During Harold’s journey, which includes some of the towns we traveled through, one person Harold passes debates the merits of the Cotswold Way, concluding, “Of course the Cotswold Trail is overrated.  Give me Dartmoor any day.”  His wife replies, “Personally I liked the Cotswolds… I know it’s more flat, but it’s romantic.”

Indeed, the Cotswold Way is romantic: 100 miles of scenic countryside, including sheep shit, muddy cornfields, belligerent cows, and an obstacle course of fences, can only bring two people together.  I would love to go again with my husband, maybe for our anniversary a few years down the line, when our children are a little older.  Maybe we’ll try Dartmoor next time!

Here are a few pictures from our trip:


  1. I just read this book last week!
    (I put off reading your review before hand as I like surprises!)
    I’m not sure how I felt from reading it…I kind of enjoyed it? It just felt it was a bit “forced” at times a bit like it “had” to address themes and that some of the feelings “had” to be wedged in somehow? Does that make sense?!
    I definitely enjoyed her prose, and the character of Maureen was my favourite; I love her inner monologues and how believable she was.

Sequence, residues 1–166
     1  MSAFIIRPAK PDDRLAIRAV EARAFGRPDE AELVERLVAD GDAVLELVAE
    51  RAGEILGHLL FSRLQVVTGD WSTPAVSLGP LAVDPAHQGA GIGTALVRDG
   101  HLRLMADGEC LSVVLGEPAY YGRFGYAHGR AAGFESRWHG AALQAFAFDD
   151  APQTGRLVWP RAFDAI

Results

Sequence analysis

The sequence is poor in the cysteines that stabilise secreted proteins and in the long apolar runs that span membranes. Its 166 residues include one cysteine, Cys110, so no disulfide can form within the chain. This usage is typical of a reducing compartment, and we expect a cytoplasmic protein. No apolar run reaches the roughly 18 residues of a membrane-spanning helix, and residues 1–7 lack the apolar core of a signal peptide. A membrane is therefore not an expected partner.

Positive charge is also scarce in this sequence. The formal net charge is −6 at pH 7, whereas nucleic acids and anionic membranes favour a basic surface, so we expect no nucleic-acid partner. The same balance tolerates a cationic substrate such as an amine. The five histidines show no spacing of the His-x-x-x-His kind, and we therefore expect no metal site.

I’m looking forward to her next book!

    1. I loved this book, but I agree that Joyce was a heavy handed with some of the “lessons.” Maureen is a great character, and her circumstances surprised me the most. This is a book that I will likely read again.

      Thanks for stopping by!

      1. I’ve been recommending it to some friends whom I know will like it! 🙂
        It reminds me a little of “We need to talk about Kevin”, which if you haven’t read it is a great novel, and very moving (in my humble opinion anyways!).

        Your blog is a favourite of mine, I just rarely comment, it’s always a joy to see new posts pop up on my wordpress reader!

  2. Love your Cotswold pictures! My hubby and I definitely enjoyed our too-brief visit there and I am dying to go back. We did one day on Dartmoor too, and it was lovely – wild and eerie and scenic.

    1. I would absolutely love to go back! We’ve talked about taking the kids on the first day of the Cotswold walk, about ten miles between Chipping Campden and Stanton, but we’ll have to wait until they’re a bit older. Dartmoor sounds wonderful, too.

  3. Now I’m going to have to read this book. I’ve always wanted to bike the English countryside and didn’t realize there are trails you can walk, but of course there would be. One of my fav books is ‘Mr. Rosenblum Dreams in English’, also set in the English country. You may like it. Great pictures! Thanks for sharing.

  4. I’ve long wanted to do a hiking trip along some of England’s public ways. Sounds like I might enjoy this book for that reason and also like you had a great trip yourselves.

    1. I highly recommend both the book and the Cotswold Way! The book would be a nice one to take a long in your backpack. I remember reading Jasper Fforde’s Thursday Next series during that trip.